One day after a California school shooting left two dead and three injured, the National Rifle Association issued a tweet that misleadingly credited the NRA and legislation it pushed with saving lives.
On November 14, a 16-year-old gunman opened fire with a .45-caliber pistol at his high school just outside of Los Angeles, killing two students and injuring three others before turning the gun on himself. The victims and survivors were all Saugus High School students, and the gunman remains in hospital in “grave condition.”
In a November 15 tweet, the NRA highlighted that the first responders on scene were off-duty police officers, before applauding itself for being “the driving force in the passage of LEOSA, allowing qualified off-duty current/retired officers to carry.”
Originally passed in 2004, the Law Enforcement Safety Act (LEOSA) gave current law enforcement officers in good standing, and former officers who retired in good standing, a government ID to carry a concealed weapon.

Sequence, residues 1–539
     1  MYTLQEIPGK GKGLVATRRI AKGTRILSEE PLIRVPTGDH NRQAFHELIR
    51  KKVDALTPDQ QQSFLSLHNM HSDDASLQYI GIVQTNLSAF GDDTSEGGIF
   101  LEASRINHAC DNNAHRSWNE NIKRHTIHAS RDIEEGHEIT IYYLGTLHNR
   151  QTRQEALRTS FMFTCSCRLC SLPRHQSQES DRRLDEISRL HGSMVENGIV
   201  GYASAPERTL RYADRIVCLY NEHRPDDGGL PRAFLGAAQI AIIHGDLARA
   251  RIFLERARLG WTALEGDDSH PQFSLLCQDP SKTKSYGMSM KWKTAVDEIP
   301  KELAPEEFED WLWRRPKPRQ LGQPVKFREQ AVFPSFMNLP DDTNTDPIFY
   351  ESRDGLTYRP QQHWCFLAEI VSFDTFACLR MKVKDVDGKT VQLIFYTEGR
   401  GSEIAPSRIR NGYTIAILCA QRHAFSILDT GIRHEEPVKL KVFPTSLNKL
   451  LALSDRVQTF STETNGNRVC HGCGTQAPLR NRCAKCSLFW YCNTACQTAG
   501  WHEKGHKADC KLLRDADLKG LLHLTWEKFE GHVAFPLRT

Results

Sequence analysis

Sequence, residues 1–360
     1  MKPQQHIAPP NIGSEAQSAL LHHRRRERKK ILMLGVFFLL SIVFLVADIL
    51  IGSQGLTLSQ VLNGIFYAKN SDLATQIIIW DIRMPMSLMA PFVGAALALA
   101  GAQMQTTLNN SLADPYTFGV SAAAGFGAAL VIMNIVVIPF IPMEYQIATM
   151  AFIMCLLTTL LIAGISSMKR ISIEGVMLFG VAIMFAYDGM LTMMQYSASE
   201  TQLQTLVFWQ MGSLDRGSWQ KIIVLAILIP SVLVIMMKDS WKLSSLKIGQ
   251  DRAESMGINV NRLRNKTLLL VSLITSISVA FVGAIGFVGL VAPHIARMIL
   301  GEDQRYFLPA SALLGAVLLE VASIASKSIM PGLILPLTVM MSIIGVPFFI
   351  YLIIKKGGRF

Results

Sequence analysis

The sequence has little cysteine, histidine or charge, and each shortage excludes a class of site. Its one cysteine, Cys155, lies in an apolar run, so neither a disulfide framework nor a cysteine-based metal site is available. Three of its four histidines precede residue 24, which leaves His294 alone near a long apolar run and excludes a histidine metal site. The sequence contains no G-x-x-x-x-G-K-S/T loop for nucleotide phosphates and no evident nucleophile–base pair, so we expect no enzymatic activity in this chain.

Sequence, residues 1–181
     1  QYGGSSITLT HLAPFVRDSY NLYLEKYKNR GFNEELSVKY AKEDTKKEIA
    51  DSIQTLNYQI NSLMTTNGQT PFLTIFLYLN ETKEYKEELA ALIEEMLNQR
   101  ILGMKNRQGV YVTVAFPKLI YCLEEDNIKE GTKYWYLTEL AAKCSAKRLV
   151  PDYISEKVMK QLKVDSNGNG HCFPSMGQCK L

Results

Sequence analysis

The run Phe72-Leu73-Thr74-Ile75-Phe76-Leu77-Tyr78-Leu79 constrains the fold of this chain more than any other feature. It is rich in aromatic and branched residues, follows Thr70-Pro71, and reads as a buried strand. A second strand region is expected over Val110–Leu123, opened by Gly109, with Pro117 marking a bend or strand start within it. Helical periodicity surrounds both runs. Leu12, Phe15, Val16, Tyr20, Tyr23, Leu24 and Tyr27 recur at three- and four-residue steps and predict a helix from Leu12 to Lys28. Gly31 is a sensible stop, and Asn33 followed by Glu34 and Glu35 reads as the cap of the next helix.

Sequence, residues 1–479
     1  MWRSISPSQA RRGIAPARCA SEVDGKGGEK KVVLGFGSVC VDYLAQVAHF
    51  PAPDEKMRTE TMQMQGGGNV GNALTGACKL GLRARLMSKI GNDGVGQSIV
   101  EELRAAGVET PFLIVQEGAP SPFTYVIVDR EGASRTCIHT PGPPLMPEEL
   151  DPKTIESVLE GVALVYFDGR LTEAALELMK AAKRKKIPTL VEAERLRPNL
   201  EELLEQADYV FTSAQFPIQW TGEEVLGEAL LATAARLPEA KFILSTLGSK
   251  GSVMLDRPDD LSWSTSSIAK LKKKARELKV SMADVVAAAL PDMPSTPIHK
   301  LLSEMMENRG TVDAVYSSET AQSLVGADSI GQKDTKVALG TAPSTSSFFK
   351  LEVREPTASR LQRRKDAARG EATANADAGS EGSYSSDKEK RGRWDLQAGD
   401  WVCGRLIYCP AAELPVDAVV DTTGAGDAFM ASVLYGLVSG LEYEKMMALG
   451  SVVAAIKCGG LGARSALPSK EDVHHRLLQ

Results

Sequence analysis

While the first responders at Saugus High School were off-duty police officers dropping their children off, and they did “likely” save lives according to authorities, they did not use firearms -- like the NRA tweet suggests -- and instead issued first aid. According to CNN, three off-duty officers “entered the school within seconds” of hearing gunshots, saw the gun, and “figured the threat was likely over and focused on saving victims.” The shooting unfolded in 16 seconds after the gunman’s firearm jammed and he ultimately turned it on himself.
This is not the first time the NRA has altered the details of mass shootings in order to credit guns with saving lives. Then-NRA spokesperson Dana Loesch ran with an inaccurate report that the Christchurch mass shooting in New Zealand was stopped by a “good guy with a gun.” In actuality, a man inside the mosque where the shooting took place chased the gunman out and took his firearm but did not fire any shots.